Larry & Lee Ann's Journey travel blog

Let's peek into the Days of '76 Museum...

Welcome!

The wagons etc are lined up inside in rows, like this...

Farm wagon Info...

Wagon...

Freight wagon info...

Freight wagon...

Hearses Info...

The white hearse was especially nice...

Buggy/Sleigh...

Mail wagon Info...

I thought this one was really cool!

Info...

Dump Wagon...

Info...

Hook/Ladder Cart...

Stake-Bed Dray Wagon...

 

Info...

Brewer's Truck...

This is the one Larry spent the most time reading about, lol!

Info...

Lovely carriage...

Info...

The Rockaway...

Info...

Check out the front wheels on this Phaeton...

More info...

Info...

Concord Stage...

Hope you enjoyed a peek inside the museum...More to see tomorrow! :)


Today's post covers part one of our visit to the Days of '76 Museum located in Deadwood, SD. You might remember that I mentioned in an earlier post that we attended Deadwood Stagecoach Days with our friends the Ramblin' Rangers. Brad & Bonnie provided three hours of entertainment during the event. After they were done with their gig we toured the museum for a couple of hours. The event & museum were well worth attending & we plan to come again next year. I took too many pics for one post so will post in two parts. I hope you enjoy reading & seeing some of the wagons, coaches, clothing, guns & other memorabilia stored in this museum, we certainly did!

The Days of ’76 began as a way to honor Deadwood’s first pioneers - the prospectors, miners, muleskinners and madams who poured into the Black Hills in 1876 to settle the gold-filled gulches of Dakota Territory.

Since the first celebration in 1924, the Days of ‘76 has grown into a legendary annual event with a historic parade and an award-winning PRCA rodeo.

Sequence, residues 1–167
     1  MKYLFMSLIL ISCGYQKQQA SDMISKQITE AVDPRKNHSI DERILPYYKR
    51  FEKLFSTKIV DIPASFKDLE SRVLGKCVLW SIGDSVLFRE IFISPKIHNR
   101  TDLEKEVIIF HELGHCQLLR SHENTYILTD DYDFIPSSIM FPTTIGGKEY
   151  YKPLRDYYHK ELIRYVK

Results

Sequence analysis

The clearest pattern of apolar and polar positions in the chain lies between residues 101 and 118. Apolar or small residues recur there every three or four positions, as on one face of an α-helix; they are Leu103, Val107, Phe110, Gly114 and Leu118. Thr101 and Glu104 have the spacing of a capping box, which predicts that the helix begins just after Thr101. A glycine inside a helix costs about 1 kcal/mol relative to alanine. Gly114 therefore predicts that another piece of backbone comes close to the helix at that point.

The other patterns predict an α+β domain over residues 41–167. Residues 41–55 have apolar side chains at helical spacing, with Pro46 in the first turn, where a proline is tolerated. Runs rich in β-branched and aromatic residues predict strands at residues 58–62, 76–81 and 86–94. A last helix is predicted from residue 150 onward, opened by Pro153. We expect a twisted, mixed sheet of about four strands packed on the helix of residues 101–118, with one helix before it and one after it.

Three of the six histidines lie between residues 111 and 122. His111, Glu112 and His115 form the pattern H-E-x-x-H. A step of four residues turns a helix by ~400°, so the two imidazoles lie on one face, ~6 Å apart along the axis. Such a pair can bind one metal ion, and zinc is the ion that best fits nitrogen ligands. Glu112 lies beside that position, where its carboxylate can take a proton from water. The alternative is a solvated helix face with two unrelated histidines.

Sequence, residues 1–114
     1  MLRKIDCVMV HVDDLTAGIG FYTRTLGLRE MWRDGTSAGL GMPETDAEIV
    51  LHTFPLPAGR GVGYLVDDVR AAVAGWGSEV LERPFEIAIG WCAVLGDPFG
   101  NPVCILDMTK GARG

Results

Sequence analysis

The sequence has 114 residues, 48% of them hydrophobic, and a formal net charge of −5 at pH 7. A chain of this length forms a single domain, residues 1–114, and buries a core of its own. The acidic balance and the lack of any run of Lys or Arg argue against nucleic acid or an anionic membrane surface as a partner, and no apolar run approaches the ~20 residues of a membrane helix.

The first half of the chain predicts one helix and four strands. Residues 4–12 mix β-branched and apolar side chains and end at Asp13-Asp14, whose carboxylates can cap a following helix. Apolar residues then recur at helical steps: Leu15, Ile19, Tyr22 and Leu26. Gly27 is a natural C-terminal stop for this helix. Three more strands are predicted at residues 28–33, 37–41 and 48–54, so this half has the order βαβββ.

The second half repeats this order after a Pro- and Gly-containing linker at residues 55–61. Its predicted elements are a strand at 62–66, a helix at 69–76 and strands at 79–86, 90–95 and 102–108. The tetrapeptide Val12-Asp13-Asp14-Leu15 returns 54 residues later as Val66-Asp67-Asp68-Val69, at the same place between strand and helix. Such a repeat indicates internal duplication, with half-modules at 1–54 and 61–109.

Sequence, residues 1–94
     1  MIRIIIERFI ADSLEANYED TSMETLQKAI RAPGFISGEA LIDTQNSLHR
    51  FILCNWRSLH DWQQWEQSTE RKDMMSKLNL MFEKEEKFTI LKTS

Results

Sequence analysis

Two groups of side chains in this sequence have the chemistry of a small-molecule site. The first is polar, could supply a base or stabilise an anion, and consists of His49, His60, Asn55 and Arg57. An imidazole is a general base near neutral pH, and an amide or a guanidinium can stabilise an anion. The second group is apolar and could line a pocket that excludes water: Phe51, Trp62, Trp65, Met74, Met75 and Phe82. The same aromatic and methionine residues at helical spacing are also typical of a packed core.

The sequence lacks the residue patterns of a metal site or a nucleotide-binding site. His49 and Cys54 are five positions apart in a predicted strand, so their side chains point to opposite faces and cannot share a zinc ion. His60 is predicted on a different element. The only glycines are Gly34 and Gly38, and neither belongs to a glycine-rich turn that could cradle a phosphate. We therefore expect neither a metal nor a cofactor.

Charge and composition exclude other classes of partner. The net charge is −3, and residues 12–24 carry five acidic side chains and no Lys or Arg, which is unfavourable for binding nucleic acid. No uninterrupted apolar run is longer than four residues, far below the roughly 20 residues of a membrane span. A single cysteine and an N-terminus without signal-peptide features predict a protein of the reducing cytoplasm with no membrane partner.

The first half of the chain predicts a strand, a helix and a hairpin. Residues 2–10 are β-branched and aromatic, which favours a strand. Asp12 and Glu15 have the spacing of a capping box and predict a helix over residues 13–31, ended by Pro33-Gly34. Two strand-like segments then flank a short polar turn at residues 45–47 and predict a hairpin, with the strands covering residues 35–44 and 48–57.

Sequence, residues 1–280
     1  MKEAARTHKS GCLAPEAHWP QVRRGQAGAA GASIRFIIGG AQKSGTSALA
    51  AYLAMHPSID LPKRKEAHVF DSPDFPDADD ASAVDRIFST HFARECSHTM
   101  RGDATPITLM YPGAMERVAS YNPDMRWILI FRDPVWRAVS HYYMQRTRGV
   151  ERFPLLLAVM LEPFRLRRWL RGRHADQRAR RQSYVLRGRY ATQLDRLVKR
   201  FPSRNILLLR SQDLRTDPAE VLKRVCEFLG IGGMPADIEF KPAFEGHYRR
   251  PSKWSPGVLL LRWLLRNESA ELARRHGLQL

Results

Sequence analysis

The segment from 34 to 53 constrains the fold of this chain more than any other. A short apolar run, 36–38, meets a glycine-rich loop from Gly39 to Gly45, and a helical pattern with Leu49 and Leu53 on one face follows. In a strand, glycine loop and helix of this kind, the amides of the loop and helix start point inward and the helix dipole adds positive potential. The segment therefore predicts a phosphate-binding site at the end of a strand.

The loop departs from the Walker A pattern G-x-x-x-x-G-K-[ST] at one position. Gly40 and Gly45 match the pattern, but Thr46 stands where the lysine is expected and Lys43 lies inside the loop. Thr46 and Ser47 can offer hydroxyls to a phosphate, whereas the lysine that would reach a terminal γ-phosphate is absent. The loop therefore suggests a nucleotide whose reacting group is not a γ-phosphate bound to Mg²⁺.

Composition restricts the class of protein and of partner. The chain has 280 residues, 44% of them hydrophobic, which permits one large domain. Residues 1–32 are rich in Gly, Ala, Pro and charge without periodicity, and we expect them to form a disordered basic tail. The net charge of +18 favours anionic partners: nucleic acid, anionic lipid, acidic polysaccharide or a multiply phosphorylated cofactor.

The Days of ’76 museum began informally, as a repository for the horse drawn wagons and stage coaches, carriages, clothing, memorabilia and archives generated by the Celebration.

In 1990 Don Clowser installed his collection of important Old West Pioneer and American Indian artifacts, archives, firearms and archives into the pole barn that was the museum. Added to what was recognized as the largest collection of horse-drawn vehicles in the state, it became clear that the Days of ’76 Museum needed a new home.

In 2004 the board of the Days of ‘76 Museum, supported with a $3,000,000 gift from the City of Deadwood, pledged to construct a new $5.25 million, 32,000-square-foot home for its collections of Western and American Indian artifacts, archives, photos and artwork. You can now visit the museum for the affordable rate of Adults $5.50, Children 7-13 $2.50, Children 6 & under free

Stop back tomorrow for Part Two which covers the collectibles, photos, guns etc. And thanks for stopping by, have a wonderful day!



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